In the process, there is no room for handwringing about originality; it is simply assumed that it will result from synthesis and recombination. And if it doesn’t, well, isn’t that just as interesting?
It begins by discussing abstract art and its pioneers in the 20th century, mentioning the philosophies of Cubists, Abstract Expressionists, and Minimalists in particular, saying "in the competitive maelstrom of 20th century art, those philosophies became dogmas, and the dogmas outright manifestos. In the new century, many abstract painters are saying goodbye to all that didactic thinking and exuding a kind of calculated tentativeness."
I'm not going to summarize the thing, because it's really worth your time, but it essentially discusses how contemporary abstraction in particular now displays (or it did in 2011, anyway) an overall concern with the imperfect and the "not-quite-right," and many contemporary artists are abandoning the structures and strategies taught in art school for more "playful, unpredictable encounters." Butler writes that the things artists are taught in 2D foundation courses are now being reassessed in order to discover "unexpected outcomes over handsome results."
Dashing our expectations of “good painting,” painters like Martin Bromirski, Patricia Trieb, Patrick Brennan, Jered Sprecher, and Keltie Ferris have challenged their validity and thus moved painting in a direction that requires a different way of looking. If a painting seems lousy, perhaps with a poorly constructed support and amateurish paint handling, look again.
I have been asked by those who are not painters, "Is that a good painting?" as they point to complex and confusing canvases. Often I do not know how to respond, other than by asking them how they define "good painting," and by doing so they end up answering their own question based on their own criteria. (Either that or I ask, "Is it copping out to say it's all relative?" Commence friends' eye-rolling.) Suffice it to say I would like to revisit those paintings and respond to their question again as a do-over, keeping this article in mind and looking at the works with fresh eyes and a new perspective. Things I have been taught to avoid as a "fine" painter-- visible staples on the canvas edge, drastically- thinned paint, awkward or messy compositions, or even leaving a work incomplete-- are now acceptable, even relevant.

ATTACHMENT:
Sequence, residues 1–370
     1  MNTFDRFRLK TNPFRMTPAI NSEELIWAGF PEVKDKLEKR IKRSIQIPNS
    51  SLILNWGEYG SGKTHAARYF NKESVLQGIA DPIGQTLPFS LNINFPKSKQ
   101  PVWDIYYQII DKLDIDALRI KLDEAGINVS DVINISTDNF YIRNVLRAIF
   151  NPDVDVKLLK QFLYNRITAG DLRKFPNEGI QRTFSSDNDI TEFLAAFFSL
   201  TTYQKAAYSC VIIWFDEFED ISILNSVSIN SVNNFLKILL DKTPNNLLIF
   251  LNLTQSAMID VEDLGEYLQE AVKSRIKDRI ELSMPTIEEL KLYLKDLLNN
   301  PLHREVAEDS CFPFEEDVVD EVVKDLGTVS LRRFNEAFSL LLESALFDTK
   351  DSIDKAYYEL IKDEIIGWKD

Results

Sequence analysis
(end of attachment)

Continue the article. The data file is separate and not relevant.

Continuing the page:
I have a lot of thinking to do.
This leads to a broader question about art in general. What makes it "good" and what doesn't? If you are an artist, what kinds of criteria do you keep for your work? Sharon Butler writes, "If the viewer leaves a show of their paintings agitated by their abrupt shifts, their crosscurrents, and their purposeful lack of formal cohesion, the work has succeeded. " How do you decide when your work has succeeded?